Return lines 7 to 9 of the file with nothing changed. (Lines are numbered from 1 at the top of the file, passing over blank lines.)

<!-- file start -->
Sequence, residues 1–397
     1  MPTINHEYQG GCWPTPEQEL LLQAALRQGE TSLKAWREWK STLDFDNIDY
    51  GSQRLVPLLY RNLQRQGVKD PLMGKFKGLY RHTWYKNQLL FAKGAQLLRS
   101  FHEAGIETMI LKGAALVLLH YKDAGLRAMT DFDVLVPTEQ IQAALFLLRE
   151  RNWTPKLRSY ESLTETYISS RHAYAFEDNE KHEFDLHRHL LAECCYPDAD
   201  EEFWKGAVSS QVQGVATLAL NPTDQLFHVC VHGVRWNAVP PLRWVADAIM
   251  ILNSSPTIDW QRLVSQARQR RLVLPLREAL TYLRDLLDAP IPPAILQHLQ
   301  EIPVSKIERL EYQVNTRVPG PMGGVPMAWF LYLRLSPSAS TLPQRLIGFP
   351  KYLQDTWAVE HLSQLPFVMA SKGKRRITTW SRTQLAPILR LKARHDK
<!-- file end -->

   251  ILNSSPTIDW QRLVSQARQR RLVLPLREAL TYLRDLLDAP IPPAILQHLQ
   301  EIPVSKIERL EYQVNTRVPG PMGGVPMAWF LYLRLSPSAS TLPQRLIGFP
   351  KYLQDTWAVE HLSQLPFVMA SKGKRRITTW SRTQLAPILR LKARHDK